The idea that Job protection is free is the most pernicious lie the left tells itself and it's beneath you, chris to repeat it without thought.

Bernie G.

I guess both of the principal party support bases are shrinking because the electorate is more fragmented, and it is a question of diluting your argument to attract more of the periphery without losing too many of the rank and file. You suck in the Blair voters but hemorrhage support to UKIP. It’s a fine line these days.


"The best protection for the worker is a labour market where it's easy to get another job"

Right, because obviously unemployment is at the moment is at an all time low and you can leave one job on a friday afternoon and walk into a new one at the same high rate of pay on the following monday morning.

If only planet jackart was even remotely like planet earth. It isn't and it never will be.


@ Jackart - according to one survey, only 12% of small businesses worry about the cost of sacking a new employee, suggesting that employment protection isn't very costly.
And it might even be free. Imagine we did have your ideal labour market. Knowing that they could be fired at will, employees will be less keen to invest in job-specific skills, preferring to invest in portable ones. That could worsen productivity. Also, workers will want to jump before they are pushed and so will be more likely to quit. This would increase firms' turnover costs, and might bid up wages as firms try to retain staff. In these ways, scrapping job protection might add to costs.
This might explain why research suggests little cross-country link between job protection and employment:



"These small business people are plumbers and electricians, not experts in employment law and they are ABSOLUTELY TERRIFIED of being taken to a tribunal"

And most have ABSOLUTELY NO REASON TO BE. You might want to ask the authors of Britannia Unchained why they're spreading misinformation on this topic, and unnecessarily TERRIFYING small business.



The problem with this argument is that it applies just as much to Labour and the liberals.

A political party is a machine for garnering votes to win elections. Millions of them. It is always the case in fact that some of the voters who back party x will find party x disappoints them. People tend to vote for x as they identify with it maybe for irrational reasons but eventually some proportion of them find that x does not advance the interests they thought it did and they abandon x. That is one reason why parties fall from power. The idea that all of the millions of people who put party x into power have the same interests and will like what x does is proven to be untrue repeatedly. Labour are supposed to be the peoples party yet keep selling out the unions who pay them and adopting "welfare reform" policies i.e. cuts. They loved the ERM in 1992 etc. If the tories sell out home owners near the airport then the home owners should vote Labour next time and Labour should promise to stop the run way building as they want to win seats in the south. A willing buyer meets a willing seller and a bargain results.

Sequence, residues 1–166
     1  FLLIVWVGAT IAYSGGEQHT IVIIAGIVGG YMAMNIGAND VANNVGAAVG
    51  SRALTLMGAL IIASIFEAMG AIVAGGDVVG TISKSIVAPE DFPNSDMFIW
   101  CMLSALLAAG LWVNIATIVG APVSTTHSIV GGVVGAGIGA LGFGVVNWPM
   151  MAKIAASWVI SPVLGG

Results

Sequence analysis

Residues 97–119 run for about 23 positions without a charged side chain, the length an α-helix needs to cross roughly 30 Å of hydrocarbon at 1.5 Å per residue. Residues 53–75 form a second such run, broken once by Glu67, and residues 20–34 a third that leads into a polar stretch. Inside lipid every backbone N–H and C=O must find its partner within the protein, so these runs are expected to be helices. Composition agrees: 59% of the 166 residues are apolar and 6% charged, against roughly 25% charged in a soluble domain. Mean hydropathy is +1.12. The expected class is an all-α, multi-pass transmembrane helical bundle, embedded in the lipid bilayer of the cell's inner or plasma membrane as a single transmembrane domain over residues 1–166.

Account Deleted

Defining rentier to include recent buyers of annuities is questionable, let alone claiming that "QE is the euthanasia of the rentiers". The real rentiers are those who live off shares and property, both of which have been boosted mightily by QE, as the BoE confirmed.

The change in pension provision over the last 30 years has obliged many low-income people to buy annuities who would previously have relied on final-salary schemes. I think these are accidental rentiers at best, and I doubt the Tories are too worried about representing them. Their main appeal to the elderly is targeted on the subset of homeowners, i.e. those with property values to defend.


I would use a more narrower view of rentiers being people in the finance system living off fees for looking after other people's money, rather than folks getting a return on their own cash. That is, the shadow banking system such as hedgers and private equity execs. And they benefit from QE (unlike savers).

Which also ties in with the article because the shadow bankers are overwhelmingly funding Romney and make up half of the Tories' funding (IIRC).

Britannia Unchained is more an expression of a united attack, lower living standards for the masses (more work, less pay) in order to distribute more wealth upwards in higher profits, privatise more welfare so as to open up areas of accumulation.

It's a pretty much a constant theme in IMF/OECD documents.


I'm not sure if the labour is fragnmenting, but one thing is clear that there is incresing forces and oposition against labour.

Fabric banners

I'm not entirely if they are actually trying to do the right of just doing that might benefit them in the future. It's really amazing how much people would do for their own gain.

Mike Cornelia

I know that QE does not cause inflation in the current environment. QE simply swaps bonds for reserves. It's effect are through expectations only. In terms of this issue, selling your structured annuity might be the best option if you are looking for more money.